What is the purpose of the UK Covid inquiry? One might wonder. The inquiry is designed to examine decision-making during the Covid-19 crisis to outline failings, possible improvements and ensure more adequate preparedness for the next pandemic.

Lessons learned, that sort of thing. Crucially, there are people who lost loved ones and who want answers about whether different political decisions may have saved them.

Hard stuff, literally life and death. So what was trending on Twitter/X yesterday in relation to the Covid inquiry? Er ... #MarzipanDildo.

Apologies for the crude word. You're about to butt up against more of them, so strap in.

First up - the inquiry heard on Thursday that Nicola Sturgeon called Boris Johnson a "f*****g clown" in a WhatsApp message to Liz Lloyd, her most senior aide. Veritas, no?

It would be unbecoming if the First Minister had said this during a televised Covid briefing, for example when asked her thoughts on the Prime Minister's decision to announce, on Halloween 2020, an intention to lock down England for a second time.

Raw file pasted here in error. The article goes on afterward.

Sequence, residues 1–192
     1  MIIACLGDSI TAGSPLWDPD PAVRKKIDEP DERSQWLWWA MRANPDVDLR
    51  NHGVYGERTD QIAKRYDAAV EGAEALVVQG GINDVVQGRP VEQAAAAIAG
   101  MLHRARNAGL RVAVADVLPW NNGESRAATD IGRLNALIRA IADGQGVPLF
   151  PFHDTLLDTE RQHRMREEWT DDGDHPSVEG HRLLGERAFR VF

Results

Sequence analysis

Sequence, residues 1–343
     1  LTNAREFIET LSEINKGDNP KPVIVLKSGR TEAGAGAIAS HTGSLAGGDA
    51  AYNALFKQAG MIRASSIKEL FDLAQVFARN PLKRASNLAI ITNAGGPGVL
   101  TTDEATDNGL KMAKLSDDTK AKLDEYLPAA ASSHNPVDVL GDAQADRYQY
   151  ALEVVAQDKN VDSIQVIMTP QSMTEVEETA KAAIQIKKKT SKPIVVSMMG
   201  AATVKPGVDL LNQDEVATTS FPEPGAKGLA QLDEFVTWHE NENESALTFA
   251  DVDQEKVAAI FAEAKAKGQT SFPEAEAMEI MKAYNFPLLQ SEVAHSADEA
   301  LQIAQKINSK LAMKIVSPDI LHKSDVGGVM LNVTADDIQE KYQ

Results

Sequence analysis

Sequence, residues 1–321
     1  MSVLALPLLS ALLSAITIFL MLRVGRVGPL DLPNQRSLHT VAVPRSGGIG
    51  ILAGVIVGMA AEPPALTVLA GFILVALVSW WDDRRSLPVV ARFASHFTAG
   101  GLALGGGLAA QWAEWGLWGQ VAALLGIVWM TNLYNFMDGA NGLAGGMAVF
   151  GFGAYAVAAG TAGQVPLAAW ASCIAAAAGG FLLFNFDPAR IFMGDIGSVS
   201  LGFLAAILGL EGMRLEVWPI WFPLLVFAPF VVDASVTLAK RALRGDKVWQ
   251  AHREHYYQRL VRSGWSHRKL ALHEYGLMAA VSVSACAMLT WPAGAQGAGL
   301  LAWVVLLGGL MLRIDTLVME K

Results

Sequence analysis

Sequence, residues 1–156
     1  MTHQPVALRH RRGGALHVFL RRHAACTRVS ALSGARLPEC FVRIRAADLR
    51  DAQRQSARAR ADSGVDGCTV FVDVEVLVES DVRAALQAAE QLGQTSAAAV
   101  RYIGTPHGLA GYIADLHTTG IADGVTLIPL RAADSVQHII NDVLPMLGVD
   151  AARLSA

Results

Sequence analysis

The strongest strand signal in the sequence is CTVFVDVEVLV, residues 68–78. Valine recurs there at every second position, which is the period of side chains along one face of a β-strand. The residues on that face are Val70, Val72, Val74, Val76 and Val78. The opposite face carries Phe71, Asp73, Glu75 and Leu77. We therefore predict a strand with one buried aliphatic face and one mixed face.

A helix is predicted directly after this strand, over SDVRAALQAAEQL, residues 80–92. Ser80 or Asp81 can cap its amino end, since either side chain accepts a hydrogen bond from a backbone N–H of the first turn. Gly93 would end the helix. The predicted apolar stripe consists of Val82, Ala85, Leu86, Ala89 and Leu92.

In a message to a close colleague? It's not surprising.

In a play on this forthright presentation of her views, a satirical site quoted Ms Sturgeon as saying Liz Truss was as "About as much use as a marzipan dildo." She didn't actually, although had she done so, veritas, again.

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As at some of the earlier hearings of the inquiry, it was the unguarded bad language of Westminster Covid decision makers that captured the public imagination.

Humza Yousaf, then health secretary, is quoted in further WhatsApp messages as calling Neil Findlay, then a Scottish Labour MSP, "an arsehole" and "a tw*t" in a conversation with Professor Jason Leitch.

Mr Findlay seemed to be quite enjoying the attention, reposting every mention of the slight he could find on his Twitter/X social media feed.